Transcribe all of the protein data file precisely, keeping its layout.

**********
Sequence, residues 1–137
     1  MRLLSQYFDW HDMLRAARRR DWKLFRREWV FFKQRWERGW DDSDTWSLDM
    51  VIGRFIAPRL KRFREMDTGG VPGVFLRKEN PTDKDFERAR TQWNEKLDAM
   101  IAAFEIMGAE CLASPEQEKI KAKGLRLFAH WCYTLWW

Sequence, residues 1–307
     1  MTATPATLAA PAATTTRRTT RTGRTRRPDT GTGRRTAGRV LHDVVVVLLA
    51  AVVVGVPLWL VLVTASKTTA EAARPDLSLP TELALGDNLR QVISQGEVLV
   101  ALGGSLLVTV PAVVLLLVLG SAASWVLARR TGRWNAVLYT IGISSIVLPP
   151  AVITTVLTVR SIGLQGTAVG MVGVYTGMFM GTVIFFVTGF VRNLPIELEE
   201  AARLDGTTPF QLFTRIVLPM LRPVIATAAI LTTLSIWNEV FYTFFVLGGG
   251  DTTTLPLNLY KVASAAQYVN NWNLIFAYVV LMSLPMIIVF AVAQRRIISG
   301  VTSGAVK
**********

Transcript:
Sequence, residues 1–137
     1  MRLLSQYFDW HDMLRAARRR DWKLFRREWV FFKQRWERGW DDSDTWSLDM
    51  VIGRFIAPRL KRFREMDTGG VPGVFLRKEN PTDKDFERAR TQWNEKLDAM
   101  IAAFEIMGAE CLASPEQEKI KAKGLRLFAH WCYTLWW

Sequence, residues 1–307
     1  MTATPATLAA PAATTTRRTT RTGRTRRPDT GTGRRTAGRV LHDVVVVLLA
    51  AVVVGVPLWL VLVTASKTTA EAARPDLSLP TELALGDNLR QVISQGEVLV
   101  ALGGSLLVTV PAVVLLLVLG SAASWVLARR TGRWNAVLYT IGISSIVLPP
   151  AVITTVLTVR SIGLQGTAVG MVGVYTGMFM GTVIFFVTGF VRNLPIELEE
   201  AARLDGTTPF QLFTRIVLPM LRPVIATAAI LTTLSIWNEV FYTFFVLGGG
   251  DTTTLPLNLY KVASAAQYVN NWNLIFAYVV LMSLPMIIVF AVAQRRIISG
   301  VTSGAVK